An American Generation and Its War
The Vietnam War is largely recalled as a mistake, either in the decision to engage there or in the nature of the engagement. Or both. Veterans of the war remain largely anonymous figures, accomplices in the mistake. Critically recounting the steps that led to the war, this book does not excuse the mistakes, but it brings those who served out of the shadows.
Enduring Vietnam recounts the experiences of the young Americans who fought in Vietnam and of families who grieved those who did not return. By 1969 nearly half of the junior enlisted men who died in Vietnam were draftees. And their median age was 21 – among the non-draftees it was only 20. The book describes the “baby boomers” growing up in the 1950s, why they went into the military, what they thought of the war, and what it was like to serve in “Nam.” And to come home. With a rich narrative of the Battle for “Hamburger Hill,” and through substantial interviews with those who served, the book depicts the cruelty of this war, and its quiet acts of courage.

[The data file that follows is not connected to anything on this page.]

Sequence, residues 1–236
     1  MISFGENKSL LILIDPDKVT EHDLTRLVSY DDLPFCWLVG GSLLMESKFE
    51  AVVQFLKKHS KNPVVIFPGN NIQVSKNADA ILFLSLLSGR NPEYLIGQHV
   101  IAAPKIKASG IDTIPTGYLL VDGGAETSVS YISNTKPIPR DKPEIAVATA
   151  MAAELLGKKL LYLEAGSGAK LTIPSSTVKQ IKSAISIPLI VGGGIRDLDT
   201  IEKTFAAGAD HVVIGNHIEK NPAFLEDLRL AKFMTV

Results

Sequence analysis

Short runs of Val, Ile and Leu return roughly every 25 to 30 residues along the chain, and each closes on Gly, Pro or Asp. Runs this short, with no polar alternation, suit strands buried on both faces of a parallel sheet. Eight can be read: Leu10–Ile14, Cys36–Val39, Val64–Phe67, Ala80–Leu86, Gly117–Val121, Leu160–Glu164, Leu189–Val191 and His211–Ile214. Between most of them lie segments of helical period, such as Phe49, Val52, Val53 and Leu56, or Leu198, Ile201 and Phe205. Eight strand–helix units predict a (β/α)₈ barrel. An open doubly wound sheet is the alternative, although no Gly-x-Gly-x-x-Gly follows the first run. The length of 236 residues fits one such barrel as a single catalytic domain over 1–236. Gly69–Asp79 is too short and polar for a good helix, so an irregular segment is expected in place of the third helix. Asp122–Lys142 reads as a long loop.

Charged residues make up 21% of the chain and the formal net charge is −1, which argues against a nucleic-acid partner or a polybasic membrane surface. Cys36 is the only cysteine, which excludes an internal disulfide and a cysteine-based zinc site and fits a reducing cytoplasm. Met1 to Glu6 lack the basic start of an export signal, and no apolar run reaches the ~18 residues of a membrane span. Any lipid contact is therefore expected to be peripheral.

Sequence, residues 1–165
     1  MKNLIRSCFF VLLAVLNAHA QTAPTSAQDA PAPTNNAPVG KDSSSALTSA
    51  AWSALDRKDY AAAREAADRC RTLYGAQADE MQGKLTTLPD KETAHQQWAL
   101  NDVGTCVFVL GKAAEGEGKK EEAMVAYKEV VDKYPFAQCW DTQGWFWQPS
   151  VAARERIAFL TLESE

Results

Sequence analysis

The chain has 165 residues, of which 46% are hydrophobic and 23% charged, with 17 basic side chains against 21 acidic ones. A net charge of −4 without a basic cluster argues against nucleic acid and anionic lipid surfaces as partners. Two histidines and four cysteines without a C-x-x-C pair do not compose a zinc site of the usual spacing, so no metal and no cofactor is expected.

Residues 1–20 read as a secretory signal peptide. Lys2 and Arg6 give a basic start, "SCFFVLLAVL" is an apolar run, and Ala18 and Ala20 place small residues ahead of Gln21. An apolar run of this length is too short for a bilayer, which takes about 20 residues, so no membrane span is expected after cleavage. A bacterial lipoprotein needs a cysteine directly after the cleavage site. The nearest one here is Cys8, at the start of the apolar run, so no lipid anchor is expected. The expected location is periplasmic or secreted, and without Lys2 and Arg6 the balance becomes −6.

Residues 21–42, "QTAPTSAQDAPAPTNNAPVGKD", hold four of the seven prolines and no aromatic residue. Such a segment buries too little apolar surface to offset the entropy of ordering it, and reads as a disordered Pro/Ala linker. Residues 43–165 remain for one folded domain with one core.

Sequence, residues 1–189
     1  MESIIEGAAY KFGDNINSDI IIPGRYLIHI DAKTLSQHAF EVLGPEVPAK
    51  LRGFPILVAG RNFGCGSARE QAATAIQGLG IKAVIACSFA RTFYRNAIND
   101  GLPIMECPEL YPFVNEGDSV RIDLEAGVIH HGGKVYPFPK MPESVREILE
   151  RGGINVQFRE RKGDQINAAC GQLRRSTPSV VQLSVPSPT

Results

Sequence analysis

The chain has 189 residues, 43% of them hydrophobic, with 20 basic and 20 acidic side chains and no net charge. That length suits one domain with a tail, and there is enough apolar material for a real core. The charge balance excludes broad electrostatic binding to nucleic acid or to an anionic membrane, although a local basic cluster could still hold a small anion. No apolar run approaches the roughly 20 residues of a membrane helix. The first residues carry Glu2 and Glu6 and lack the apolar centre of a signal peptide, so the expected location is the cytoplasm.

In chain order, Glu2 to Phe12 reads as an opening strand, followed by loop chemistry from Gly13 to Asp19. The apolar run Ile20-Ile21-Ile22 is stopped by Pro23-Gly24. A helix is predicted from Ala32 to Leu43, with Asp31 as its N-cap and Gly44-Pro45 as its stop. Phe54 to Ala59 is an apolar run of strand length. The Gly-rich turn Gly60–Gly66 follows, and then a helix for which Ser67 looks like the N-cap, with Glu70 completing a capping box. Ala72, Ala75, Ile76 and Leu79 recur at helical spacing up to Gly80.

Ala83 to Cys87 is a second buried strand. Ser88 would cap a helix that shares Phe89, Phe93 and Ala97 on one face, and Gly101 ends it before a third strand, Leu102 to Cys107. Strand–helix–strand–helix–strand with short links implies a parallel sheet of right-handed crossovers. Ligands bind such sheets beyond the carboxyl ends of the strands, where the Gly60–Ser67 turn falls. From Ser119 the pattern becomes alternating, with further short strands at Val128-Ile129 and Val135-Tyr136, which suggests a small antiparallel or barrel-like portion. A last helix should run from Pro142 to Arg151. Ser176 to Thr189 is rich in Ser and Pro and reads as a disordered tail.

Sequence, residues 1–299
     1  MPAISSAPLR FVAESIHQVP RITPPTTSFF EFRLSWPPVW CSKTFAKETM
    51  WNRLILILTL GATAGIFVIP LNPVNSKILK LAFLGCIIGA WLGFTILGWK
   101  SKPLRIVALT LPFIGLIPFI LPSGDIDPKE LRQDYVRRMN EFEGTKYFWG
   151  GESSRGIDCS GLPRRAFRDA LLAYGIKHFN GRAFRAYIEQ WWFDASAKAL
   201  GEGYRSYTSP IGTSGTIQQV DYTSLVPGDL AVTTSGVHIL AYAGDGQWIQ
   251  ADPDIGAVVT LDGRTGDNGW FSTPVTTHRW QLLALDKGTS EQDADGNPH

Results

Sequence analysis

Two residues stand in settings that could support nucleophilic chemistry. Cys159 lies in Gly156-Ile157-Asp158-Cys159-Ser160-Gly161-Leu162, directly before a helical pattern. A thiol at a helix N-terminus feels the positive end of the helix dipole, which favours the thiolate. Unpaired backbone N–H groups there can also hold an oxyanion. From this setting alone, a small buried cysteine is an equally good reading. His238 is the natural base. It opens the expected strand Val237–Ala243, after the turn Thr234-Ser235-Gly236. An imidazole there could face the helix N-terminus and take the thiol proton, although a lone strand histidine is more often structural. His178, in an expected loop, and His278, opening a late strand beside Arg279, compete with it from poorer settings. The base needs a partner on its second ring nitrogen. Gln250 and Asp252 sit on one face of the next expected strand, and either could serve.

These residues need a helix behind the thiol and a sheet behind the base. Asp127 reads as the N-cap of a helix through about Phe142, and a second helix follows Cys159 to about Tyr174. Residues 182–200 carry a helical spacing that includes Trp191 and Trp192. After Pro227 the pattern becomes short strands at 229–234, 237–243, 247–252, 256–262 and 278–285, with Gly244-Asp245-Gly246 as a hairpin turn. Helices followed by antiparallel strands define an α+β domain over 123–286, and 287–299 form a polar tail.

James Wright’s Enduring Vietnam provides an important dimension to the profile of an American generation – and a rich account of an American War.
About the Author
James Wright is President Emeritus and Eleazar Wheelock Professor of History Emeritus at Dartmouth College. He is the author or editor of several books, including Those Who Have Borne the Battle. His efforts on behalf of veterans and education have been featured in the New York Times, Boston Globe, Christian Science Monitor, National Public Radio, ABC World News, and VFW Magazine, and he has been recognized by educational, veteran, and service organizations. He serves on the Boards of the Semper Fi Fund, the Iraq and Afghanistan Veterans of America, and on the Campaign Leadership Committee for the Vietnam Veterans Memorial Fund Education Center. He lives in Hanover, New Hampshire.